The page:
The adjusting mechanism is preferably designed so that the movement of the movable elements can be achieved manually, electrically, hydraulically or pneumatically.
In preferable embodiments, the reflector elements making up the reflection surface have different reflection coefficients. They are determined by the propagation times of the shockwave in the material and the damping constants. The acoustic parameters can be defined by differing wall thicknesses, surface roughnesses, materials or other physical parameters of the reflector elements.
For example, with the same thickness, the density (p=8900 kg/m3) and acoustic velocity (c=4660 m/s) of copper produce a different acoustic impedance (p*c) and therefore different reflection properties than zinc (p=7100 kg/m3, c=4170 m/s) or various ceramics (e.g. Borgias with p=1800 kg/m3 and c=3470 m/s, or quartz glass with p=2200 kg/m3 and c=5370 m/s) or plastics (e.g. polyethylene with p=960 kg/m3 and c=2500 m/s, or rubber with p=1300 kg/M3 and c=1400 m/s).
In a preferred embodiment of the apparatus, the reflector elements connect to form one reflection surface, which focuses the shockwaves on a focal volume element located outside of the apparatus.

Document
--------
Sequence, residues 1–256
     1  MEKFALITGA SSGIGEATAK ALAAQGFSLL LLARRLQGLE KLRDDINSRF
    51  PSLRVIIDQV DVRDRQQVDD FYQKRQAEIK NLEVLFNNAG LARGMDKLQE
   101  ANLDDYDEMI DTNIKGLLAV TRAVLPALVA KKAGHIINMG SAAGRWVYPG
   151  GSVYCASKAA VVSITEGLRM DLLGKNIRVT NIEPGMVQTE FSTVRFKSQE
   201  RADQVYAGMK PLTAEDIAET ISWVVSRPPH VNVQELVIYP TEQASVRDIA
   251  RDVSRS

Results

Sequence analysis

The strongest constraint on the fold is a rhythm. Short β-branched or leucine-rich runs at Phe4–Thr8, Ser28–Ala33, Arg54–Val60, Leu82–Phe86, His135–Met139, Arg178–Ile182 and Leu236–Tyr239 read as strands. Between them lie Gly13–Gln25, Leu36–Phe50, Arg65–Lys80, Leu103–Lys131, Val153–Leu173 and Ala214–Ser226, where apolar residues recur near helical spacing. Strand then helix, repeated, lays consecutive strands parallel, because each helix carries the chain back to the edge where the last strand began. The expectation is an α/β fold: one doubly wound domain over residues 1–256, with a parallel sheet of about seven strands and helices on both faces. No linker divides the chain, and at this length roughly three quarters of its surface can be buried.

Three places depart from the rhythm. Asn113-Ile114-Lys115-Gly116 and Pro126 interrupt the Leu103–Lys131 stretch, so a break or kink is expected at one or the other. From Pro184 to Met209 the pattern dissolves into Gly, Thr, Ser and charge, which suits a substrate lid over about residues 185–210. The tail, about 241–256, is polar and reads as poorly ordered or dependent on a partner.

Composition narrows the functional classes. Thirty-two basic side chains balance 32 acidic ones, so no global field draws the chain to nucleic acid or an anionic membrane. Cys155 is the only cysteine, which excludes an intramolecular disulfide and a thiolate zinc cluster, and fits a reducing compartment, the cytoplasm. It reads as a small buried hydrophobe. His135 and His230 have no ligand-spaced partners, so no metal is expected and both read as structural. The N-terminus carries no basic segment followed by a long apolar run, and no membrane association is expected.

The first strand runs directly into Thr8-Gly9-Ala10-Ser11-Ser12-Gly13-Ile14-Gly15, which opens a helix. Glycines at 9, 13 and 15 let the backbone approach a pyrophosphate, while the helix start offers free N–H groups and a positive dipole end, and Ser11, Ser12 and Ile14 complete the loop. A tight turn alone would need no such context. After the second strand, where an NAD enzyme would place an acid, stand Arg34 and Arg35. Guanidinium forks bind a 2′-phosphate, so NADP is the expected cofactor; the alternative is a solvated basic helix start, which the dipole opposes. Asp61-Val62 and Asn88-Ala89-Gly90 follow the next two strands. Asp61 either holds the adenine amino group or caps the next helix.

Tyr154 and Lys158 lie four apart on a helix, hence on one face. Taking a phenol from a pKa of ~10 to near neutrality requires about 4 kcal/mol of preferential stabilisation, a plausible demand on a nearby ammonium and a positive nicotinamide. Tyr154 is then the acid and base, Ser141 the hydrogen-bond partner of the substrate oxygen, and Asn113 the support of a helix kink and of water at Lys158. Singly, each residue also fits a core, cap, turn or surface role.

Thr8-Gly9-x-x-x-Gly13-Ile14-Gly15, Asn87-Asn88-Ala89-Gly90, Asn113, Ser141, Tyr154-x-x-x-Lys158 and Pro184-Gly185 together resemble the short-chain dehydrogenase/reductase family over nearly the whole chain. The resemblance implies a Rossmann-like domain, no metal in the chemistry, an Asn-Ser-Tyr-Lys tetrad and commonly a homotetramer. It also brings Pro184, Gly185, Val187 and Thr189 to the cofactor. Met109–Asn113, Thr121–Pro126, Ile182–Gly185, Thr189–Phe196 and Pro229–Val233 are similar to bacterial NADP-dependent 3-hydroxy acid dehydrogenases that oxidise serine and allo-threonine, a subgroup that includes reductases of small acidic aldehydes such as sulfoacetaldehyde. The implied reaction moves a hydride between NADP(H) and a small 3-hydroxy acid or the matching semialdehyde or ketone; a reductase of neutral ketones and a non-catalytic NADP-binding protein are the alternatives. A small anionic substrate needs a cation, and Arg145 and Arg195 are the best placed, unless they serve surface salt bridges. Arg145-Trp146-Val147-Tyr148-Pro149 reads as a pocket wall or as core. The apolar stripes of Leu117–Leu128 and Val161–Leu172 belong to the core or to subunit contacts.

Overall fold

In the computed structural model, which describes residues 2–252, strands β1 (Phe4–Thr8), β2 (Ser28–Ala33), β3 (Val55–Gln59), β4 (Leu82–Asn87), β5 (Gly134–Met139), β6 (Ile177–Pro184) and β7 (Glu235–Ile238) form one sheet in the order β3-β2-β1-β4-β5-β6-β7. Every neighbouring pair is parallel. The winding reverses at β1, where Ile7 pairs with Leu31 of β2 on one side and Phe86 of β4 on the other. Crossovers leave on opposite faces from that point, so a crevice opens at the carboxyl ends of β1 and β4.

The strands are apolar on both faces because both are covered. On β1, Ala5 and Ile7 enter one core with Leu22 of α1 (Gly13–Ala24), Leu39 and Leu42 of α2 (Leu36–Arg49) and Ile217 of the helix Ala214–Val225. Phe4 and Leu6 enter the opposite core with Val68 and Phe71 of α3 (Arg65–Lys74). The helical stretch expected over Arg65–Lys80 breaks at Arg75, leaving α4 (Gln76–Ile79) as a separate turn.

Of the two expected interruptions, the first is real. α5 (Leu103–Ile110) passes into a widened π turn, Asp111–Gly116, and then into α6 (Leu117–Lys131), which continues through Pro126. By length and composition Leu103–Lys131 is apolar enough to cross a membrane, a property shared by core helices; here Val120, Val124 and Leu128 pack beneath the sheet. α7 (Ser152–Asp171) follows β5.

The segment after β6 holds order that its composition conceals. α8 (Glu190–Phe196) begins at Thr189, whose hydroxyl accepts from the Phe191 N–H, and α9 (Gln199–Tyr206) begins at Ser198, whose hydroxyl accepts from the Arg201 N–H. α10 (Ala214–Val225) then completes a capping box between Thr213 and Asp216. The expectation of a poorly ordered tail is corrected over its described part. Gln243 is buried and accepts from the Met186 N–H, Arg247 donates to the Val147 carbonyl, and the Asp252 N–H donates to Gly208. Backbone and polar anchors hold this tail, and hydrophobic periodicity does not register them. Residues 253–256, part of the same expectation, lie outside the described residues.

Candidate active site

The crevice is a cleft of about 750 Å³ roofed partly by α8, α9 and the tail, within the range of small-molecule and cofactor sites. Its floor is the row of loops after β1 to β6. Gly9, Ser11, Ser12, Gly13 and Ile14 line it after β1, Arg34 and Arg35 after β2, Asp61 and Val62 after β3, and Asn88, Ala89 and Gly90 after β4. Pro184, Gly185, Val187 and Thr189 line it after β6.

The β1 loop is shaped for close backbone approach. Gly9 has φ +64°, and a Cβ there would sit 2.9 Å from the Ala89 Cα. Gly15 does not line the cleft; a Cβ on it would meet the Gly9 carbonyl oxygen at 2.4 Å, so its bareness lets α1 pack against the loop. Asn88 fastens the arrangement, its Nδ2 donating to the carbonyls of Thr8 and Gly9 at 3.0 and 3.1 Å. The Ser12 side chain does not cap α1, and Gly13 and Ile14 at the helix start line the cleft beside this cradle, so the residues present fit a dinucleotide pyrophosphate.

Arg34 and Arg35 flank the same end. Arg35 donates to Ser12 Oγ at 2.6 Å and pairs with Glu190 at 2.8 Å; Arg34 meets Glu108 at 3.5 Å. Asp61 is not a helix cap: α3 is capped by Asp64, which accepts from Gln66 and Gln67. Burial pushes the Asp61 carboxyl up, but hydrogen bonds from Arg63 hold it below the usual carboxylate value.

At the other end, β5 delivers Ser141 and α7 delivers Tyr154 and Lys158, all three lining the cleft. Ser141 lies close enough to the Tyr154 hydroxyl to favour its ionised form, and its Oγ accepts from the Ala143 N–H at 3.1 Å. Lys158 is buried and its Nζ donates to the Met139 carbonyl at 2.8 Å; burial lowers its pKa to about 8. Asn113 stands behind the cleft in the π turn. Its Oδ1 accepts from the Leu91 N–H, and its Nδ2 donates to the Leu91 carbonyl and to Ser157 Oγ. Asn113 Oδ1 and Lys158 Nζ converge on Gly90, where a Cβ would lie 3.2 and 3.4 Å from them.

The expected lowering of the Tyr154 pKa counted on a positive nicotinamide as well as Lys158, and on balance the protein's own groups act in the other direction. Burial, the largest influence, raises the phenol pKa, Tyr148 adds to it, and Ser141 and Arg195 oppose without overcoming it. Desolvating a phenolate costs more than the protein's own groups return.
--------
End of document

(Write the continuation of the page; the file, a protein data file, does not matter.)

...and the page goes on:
In a further preferred embodiment, a measuring means is attached to the apparatus that indicates where the focal volume element is located. This can be achieved in the form of a mechanical indicator.
Preferably, means are attached to the apparatus that indicate the position of the reflector elements. This indicator provides a measure for the size of the reflector surface and for the quality of the shockwave. The position of the reflector elements can be measured by the mechanical fit, with an electric switch, inductively, capacitively, optically or otherwise. Preferably the measured values are recorded by a control or analysis unit.